Another consequence of the difference in flow angles that the two sails experience in each others’ presence is that the mainsail must be trimmed to a much closer angle with the boat’s centerline than the foresail, which is able to be trimmed to a lead position well outboard. This angle represents the difference in upwash on the foresail and downwash on the mainsail due to each other.
On a masthead rig, where the forestay is attached to the top of the mast and both sails taper to basically zero chordlength at their heads in a similar fashion, the interference effects of the sails on each other are similar along the entire height of the mast. The mainsail ends up being rather tightly trimmed all the way up because of the genoa’s downwash, and the genoa gains from favorable upwash all the way up.
A fractional rig has the more complicated characteristic that the top of foresail is not as high as the top of the mainsail. This means that the top of the foresail is very close to the front of the mainsail at a height where there is still an ample amount of chordlength in the mainsail. As the foresail luff approaches the mainsail luff, the upwash on the foresail due to the mainsail increases, because the low pressure behind the mainsail has more affect the closer the flow gets to it. This causes the top of the foresail to experience even more upwash and contributes to a fractional rig’s foresail being trimmed more twisted than a masthead rig’s foresail.
The top of the main on a fractional rig extends well above the foresail, leaving the upper portion of the mainsail free to experience the apparent wind without the downwash interference of the foresail. Apparent wind toward the top of the mast comes from a much higher angle, so the mainsail above the foresail experiences much higher wind angles than the lower portion of the mainsail where the genoa is causing substantial downwash. This change in flow angle with height on a mainsail is quite dramatic with a fractional rig and leads to trimming a fractional rig’s mainsail with more twist than a masthead rig’s mainsail.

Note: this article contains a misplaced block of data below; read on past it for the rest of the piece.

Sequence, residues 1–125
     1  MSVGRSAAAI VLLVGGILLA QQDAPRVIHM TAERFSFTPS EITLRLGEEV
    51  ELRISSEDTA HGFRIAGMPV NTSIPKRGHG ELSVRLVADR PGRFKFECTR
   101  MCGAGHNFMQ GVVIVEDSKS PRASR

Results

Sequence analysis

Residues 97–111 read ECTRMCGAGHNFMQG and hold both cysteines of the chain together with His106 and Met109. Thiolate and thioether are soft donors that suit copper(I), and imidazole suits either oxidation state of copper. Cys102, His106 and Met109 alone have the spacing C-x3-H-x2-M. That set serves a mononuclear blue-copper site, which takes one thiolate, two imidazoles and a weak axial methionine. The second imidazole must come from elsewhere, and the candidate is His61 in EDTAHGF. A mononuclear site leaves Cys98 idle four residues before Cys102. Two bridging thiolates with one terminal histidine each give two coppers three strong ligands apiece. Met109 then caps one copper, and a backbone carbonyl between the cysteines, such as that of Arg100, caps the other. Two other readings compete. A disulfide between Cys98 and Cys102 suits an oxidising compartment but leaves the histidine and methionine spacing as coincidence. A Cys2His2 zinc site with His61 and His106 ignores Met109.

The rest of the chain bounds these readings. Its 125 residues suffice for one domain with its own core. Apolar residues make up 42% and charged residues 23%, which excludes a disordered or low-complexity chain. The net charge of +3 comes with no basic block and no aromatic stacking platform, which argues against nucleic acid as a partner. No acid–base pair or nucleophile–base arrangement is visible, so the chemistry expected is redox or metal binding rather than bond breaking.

Reviewing all of the affects so far reveals that both sails experience increasing flow angle with height. The foresail operates in the twisted flow of the apparent wind, with upwash induced by itself due to taper and sweep, and in the upwash field of the mainsail. The mainsail is operating in the same twisted apparent wind, with additional upwash caused by its taper, but somewhat lessened by its forward sweep. It is also flying in the downwash field of the foresail, which is probably twisted because the foresail flies in a twisted fashion. This is particularly exaggerated with a fractional rig.
With the flow directions established, it is now useful to consider the ramifications of sail shape. Previously, it was stated that a sail section exists solely as. Now it is interesting to explore the differences in camber that are possible and what would be most beneficial.
Since a sail is constructed of flexible material, its cambered shape is supported by the pressure difference that it generates. It follows that the leading edge entry angle of the sail must be reasonably aligned with the incoming flow angle. If the entry angle is too high the sail will luff, and if it is too low the sail will stall, since the flow would be required to turn an impossibly sharp corner around the luff. It is also apparent that the entry angle should increase with height to match the twisted flowfield. There are two remaining issues. Where should the trailing edge be, which defines the angle of attack at each height, thus twist? What path to take to get there, or what should the specific cambered shape of the sail be?
The trailing edge location in relation to the leading edge locations establishes the angle of attack of a particular section. Lift increases proportionally with angle of attack, so, since a sailboat is trying to extract as much force as possible from the wind (until overpowered into heeling too much), it would seem best to position the trailing edge (leech) as close to the boat’s centerline as possible. This would achieve the highest angle of attack and hopefully the most lift, but unfortunately the ability to trim a sail to unlimited angles of attack is not possible.
Separation and Stall
Eventually at some angle of attack, sail sections (and airfoils) experience stall. This occurs when the air flowing around the leeward side of the sail no longer travels on the surface of the sail. The flow separates from the sail resulting in a large loss in lift. Depending on the shape, stall can occur abruptly with a small increase in angle of attack, or more gradually with some indications that the flow is separating from the surface at specific locations first. This is easily seen using telltales (tufts of yarn) that swirl erratically when the flow departs from the desired direction instead of streaming aft when the flow is attached to the sail.
Separation occurs simply because the pressure gradient that the flow is trying to pass through is too extreme. Recall that lift is generated because the flow accelerates around the convexly curved leeward surface of the sail creating low pressure. Eventually, as the flow approaches the back of the sail, the flow must slow down to near its original speed and pressure, since after it leaves the sail it will return to its original state when the sail is no longer there to influence it. This is referred to as pressure recovery.